Both installations, hanging from the ceiling above the visitor, describe a circular motion but in different ways. In “aura calculata”, nine tones circulate in a ring of 23 illuminated “sound pixels”.
The activity and the pitch of the tones are the result of a simple self-organization/neighbor rule: Each loudspeaker obeys the same rules on how to react to its neighbor’s activity – the same principle driving the “wave” in a stadium.
So the driving force behind this system is a kind of mathematical socialism equalizing all sound pixels.
By varying the neighbor rules, the interaction interestingly can produce various spatio-temporal patterns, be it an oscillation, regular patterns or simply chaotic noise.
During years of extended simulations, Roth explored the behavior of these minimalistic systems and discovered that over time some pixels are more active and others less.
These tendencies are finally translated into variations in pitch and in the colors of the sound pixels, weaving a continuously changing sound carpet.
Here Tim Otto Roth explores new harmonics, playing with microtonal scales such as 31-tone or 51-tone scales developed by Huygens or Mercator hundreds of years ago.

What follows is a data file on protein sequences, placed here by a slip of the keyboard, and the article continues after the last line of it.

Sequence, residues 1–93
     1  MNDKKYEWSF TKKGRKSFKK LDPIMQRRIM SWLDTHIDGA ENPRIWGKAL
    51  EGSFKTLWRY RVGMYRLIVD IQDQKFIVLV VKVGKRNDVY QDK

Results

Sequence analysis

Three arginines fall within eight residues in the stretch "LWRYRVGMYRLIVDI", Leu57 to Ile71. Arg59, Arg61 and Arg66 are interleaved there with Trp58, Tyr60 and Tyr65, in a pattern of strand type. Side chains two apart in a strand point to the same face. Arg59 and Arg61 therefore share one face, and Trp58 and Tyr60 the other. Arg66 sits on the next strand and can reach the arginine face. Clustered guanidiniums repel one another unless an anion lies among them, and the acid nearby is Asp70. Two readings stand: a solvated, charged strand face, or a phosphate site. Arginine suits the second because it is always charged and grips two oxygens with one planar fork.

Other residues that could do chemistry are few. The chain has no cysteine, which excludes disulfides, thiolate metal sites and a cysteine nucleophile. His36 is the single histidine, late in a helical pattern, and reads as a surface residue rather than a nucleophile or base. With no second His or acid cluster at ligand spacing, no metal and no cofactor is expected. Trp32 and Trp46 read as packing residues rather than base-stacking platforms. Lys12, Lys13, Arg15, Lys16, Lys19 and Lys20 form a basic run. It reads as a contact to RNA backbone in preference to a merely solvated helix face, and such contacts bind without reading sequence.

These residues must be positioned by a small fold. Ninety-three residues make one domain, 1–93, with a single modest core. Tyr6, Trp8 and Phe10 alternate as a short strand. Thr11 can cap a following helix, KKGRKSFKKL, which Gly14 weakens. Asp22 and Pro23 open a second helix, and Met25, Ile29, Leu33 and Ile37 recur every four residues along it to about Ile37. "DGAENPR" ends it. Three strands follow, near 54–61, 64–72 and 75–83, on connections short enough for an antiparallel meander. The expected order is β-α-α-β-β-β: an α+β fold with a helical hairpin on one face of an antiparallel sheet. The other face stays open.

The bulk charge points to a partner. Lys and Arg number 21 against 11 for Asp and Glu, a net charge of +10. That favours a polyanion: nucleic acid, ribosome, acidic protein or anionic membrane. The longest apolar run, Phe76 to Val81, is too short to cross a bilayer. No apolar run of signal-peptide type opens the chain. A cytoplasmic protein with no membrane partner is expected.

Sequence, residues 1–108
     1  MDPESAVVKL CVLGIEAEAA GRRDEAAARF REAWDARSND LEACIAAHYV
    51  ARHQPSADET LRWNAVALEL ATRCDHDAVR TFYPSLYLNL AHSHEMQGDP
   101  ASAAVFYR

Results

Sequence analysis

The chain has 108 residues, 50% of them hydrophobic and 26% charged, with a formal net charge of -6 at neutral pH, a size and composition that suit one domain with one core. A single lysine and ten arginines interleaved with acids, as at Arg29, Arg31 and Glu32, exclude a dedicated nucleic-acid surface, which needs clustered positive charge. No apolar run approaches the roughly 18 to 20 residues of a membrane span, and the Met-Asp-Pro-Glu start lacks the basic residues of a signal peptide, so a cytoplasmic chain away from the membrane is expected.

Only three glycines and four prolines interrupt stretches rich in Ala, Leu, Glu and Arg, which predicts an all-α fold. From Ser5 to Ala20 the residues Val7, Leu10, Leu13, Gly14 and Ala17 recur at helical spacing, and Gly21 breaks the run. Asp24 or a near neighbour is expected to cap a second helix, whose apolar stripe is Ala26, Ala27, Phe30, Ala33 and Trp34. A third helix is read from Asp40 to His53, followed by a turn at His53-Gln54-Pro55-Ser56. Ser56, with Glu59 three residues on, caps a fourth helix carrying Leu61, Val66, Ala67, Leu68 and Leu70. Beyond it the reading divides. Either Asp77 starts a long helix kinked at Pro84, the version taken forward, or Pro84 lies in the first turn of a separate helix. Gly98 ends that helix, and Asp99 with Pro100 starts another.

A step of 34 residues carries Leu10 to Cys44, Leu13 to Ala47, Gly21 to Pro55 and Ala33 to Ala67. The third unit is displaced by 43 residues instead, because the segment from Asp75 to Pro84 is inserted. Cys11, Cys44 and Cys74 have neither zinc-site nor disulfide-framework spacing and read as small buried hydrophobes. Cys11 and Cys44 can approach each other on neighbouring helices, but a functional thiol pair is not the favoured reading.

“Deep Doppler” circulates more physically. It consists of six translucent tubes of different lengths fixed to a hexagonal body circulating slowly above the heads of the audience.
This horn-like construction permits the playing of saturated deep tones, which change their pitches slightly due to their relative motion – also described as the so-called Doppler Effect.
By rotation and by switching tones on and off, which can be followed by illumination, a rotating sound field is created traveling through the space and also the listener like a vibrating sound field, which might be followed by moments of local extinction of the sound.
The installations play alternately. For the premiere on 12 October, Tim Otto Roth has developed a composition for aura calculata accompanied by a live graphics projection translating the history of the system’s development.
Such a history of the development of hundreds of steps is also presented as a 13m-long paper strip along the longest wall of the space.
In the display cases, printouts of his simulations are presented, being the source for Roth’s compositions and showing the whole dynamics of these self-organizing systems.
The conceptual artist and composer Tim Otto Roth (b. 1974, Oppenau/Black Forest) combines art and natural sciences in internationally-exhibited collaborations with leading research institutes and organizations such as the Hubble Space Telescope.
In ‘Nature’ (458, 836), renowned Oxford art history professor Martin Kemp summarizes his work: “A new art is encoding a new science.” Roth holds a degree in Theory of Visual Communication and a PhD in art and science history from the Academy of Media Studies Arts in Cologne.
The exhibition is free.